The settled weather was about to change and so it seemed like a snatched opportunity. It may have been the opportunist climber coming out of me, or perhaps the consistent, planned climber. I think subconsciously I had always wanted to climb there.
The crag itself lies in an unusual location, being amongst the spoils of bygone industry and overlooking Tan-y-Grisiau Reservoir. It is a compact crag that is made up of rhyolite, with its nomenclature amounting to a climatic ‘Craig y Clipiau’. Mick was ready for an adventure, as always, and so we had to fight for the lead.
We decided to climb a route called Double Criss, which was first climbed by Chris Bonington in 1953. I think the route is named Double Criss as Chris Bonington’s partner for the route was another Chris, which would thus amount to a Double Criss!
The climbing on the first pitch of Double Criss was delightful. I am not sure what I mean by delightful and so you will have to go and climb it to find out for yourself. The second pitch consisted of a corner crack, which was brutal, and by brutal I mean brutal. I thoroughly enjoyed the climb overall, and I am sure Mick did too, as he got to the lead the brutal, corner crack!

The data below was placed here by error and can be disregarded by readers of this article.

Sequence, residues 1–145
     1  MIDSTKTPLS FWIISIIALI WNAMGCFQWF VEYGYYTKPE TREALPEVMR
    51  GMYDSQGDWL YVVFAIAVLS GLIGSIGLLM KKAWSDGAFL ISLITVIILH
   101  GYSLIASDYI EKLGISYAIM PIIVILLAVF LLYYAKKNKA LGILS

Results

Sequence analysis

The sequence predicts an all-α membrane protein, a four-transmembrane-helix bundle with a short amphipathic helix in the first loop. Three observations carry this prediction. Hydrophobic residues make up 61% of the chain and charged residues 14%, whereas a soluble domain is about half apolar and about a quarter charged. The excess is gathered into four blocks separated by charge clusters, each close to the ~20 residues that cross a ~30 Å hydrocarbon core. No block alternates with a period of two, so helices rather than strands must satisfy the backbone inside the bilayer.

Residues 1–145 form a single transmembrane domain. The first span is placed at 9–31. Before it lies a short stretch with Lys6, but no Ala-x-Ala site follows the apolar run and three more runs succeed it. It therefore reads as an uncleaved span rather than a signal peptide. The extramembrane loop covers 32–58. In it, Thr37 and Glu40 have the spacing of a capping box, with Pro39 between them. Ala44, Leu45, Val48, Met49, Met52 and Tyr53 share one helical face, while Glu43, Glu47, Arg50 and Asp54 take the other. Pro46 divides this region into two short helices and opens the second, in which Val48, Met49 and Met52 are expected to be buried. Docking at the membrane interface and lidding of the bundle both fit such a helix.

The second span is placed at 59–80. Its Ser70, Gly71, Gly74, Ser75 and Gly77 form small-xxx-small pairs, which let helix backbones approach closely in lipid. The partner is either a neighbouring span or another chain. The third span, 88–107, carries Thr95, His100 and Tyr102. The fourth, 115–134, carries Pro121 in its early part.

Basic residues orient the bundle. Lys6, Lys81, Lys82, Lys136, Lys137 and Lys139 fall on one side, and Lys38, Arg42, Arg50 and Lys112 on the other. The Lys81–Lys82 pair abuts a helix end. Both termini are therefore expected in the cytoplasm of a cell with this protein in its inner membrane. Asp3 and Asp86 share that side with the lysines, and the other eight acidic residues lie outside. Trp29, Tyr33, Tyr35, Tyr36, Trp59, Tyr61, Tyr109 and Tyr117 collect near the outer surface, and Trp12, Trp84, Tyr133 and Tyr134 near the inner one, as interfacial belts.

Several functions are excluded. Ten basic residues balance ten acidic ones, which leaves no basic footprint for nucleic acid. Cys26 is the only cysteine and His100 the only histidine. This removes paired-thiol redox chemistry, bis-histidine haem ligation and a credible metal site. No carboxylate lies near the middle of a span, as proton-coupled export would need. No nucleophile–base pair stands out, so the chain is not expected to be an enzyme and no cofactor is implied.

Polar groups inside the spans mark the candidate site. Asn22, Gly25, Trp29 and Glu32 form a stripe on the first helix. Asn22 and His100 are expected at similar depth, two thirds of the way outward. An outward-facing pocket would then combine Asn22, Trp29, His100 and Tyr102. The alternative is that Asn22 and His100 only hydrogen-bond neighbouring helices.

As we reached the top of the route, the warmth of the sun had diminished and the cloud had built up extensively, which was now a light grey. There was suddenly a chill in the air, which reminded us that we were in the month of November. By the time we had packed away our gear and walked back to the car, there was a fine mist in the air and the cloud cover was now a dark, miserable grey. The settled weather had diminished, as if it never was.